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In Myanmar, A Hunt For Fabled Cache Of Buried WWII Spitfires

A team of researchers hopes to verify a fantastic tale that British troops leaving Burma in 1945 buried dozens of Spitfire fighter planes around the country. For 16 years, an English farmer has hunted the aircraft. Now, he believes he is close to unearthing them — and, he hopes, restoring them to flying condition.
NPR

'All We Know': Three Remarkable But Forgotten Lives

Just nominated for the National Book Critics Circle Award, Lisa Cohen's biography All We Know: Three Lives follows the stories of three women of the early 20th century. "I wanted to write a book that wasn't just about one great person," Cohen says, "but about a kind of collectivity."
WAMU 88.5

Smithsonian To Renovate Arts And Industries Building

The Smithsonian Institution is planning to repair and reopen the 132-year-old Arts and Industries Building.

NPR

Rawn James: The Integration of the U.S. Military

In his new book, The Double V, the author argues that to understand race in America one must understand the history of African-Americans in the military. While the turning point came between WWI and WWII, the struggle began with the American Revolution.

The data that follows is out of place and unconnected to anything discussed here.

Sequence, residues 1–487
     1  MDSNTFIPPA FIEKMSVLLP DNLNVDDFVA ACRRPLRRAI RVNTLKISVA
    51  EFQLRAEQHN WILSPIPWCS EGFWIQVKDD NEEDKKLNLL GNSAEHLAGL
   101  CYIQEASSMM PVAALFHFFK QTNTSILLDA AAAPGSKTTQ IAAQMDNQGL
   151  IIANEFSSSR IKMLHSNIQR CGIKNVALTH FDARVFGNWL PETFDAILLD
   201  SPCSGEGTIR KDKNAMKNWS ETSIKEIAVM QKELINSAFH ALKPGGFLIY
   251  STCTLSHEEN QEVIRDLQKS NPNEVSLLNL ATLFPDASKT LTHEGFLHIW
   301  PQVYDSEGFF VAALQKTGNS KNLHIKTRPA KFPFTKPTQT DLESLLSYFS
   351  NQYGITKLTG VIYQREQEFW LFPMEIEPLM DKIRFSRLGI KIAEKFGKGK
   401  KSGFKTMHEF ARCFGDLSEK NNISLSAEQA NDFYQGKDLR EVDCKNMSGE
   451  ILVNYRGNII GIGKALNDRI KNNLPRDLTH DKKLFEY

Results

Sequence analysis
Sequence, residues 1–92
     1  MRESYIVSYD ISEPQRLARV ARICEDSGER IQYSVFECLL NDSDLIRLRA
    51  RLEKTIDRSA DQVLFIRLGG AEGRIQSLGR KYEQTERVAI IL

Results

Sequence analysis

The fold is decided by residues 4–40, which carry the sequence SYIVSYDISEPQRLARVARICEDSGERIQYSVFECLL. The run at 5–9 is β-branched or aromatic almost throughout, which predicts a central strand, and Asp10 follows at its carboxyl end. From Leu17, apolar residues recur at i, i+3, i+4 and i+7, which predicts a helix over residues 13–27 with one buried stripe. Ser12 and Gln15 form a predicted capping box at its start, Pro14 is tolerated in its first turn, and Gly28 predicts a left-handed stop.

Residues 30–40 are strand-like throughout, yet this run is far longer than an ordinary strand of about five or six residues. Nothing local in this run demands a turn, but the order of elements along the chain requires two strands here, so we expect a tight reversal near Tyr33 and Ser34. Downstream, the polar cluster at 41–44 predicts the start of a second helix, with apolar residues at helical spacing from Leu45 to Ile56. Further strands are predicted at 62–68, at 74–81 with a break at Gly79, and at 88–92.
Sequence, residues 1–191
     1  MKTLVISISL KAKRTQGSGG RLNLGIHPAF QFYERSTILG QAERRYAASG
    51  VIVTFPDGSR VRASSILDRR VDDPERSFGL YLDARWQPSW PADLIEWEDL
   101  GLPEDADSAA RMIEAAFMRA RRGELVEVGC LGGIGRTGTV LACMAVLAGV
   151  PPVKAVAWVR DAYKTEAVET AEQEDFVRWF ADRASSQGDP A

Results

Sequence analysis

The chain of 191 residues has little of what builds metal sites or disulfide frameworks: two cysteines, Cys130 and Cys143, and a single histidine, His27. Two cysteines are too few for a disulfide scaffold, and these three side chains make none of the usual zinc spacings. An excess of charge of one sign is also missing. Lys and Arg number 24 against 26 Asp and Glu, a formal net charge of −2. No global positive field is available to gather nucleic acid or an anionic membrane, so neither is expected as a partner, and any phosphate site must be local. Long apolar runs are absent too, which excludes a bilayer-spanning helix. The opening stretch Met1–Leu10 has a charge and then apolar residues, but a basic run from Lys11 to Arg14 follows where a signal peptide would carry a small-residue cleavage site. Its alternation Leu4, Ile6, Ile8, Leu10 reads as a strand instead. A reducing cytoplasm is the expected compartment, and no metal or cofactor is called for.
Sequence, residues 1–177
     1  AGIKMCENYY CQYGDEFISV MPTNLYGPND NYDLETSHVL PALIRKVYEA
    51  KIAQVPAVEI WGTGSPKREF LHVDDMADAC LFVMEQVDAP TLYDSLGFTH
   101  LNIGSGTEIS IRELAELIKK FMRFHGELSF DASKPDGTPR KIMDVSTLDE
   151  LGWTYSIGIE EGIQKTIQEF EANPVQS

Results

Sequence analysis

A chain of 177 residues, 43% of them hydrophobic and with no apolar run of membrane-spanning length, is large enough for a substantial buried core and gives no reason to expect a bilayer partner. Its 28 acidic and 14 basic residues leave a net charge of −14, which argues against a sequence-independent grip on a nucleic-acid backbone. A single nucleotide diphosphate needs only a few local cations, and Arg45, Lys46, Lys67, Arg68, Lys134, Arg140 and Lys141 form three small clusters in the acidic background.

NPR

Inauguration Mashup: The Speech In 11 Easy Steps

Talk about new stuff, and gripe just a little: A handy video guide gives indispensable advice to inaugural speakers.
NPR

Mixed Pickle: The Sweet And Sour Legacy Of Dutch Trade

What do salt, ancient Jewish pickle carts, the sometimes brutal Indonesian spice trade and Vincent Van Gogh have in common? They brought life to Dutch cuisine, specifically, the Dutch pickle.
NPR

The Moment Race Mattered: A Haunting Childhood Memory

Bernard Holyfield was 5 years old when he learned that skin color made a big difference. He recalls an incident in the early 1960s in Alabama in which a drunken white man approached him and his brother while they were playing on their front lawn.
WAMU 88.5

David Von Drehle: "Rise to Greatness" (Rebroadcast)

The story of Abraham Lincoln's rise to greatness in 1862, America's most perilous year.

Martin Luther King Jr.'s iconic "I Have A Dream" speech has become shorthand for the civil rights movement, but we might never have heard it if not for a man who's largely been forgotten by history: Bayard Rustin.

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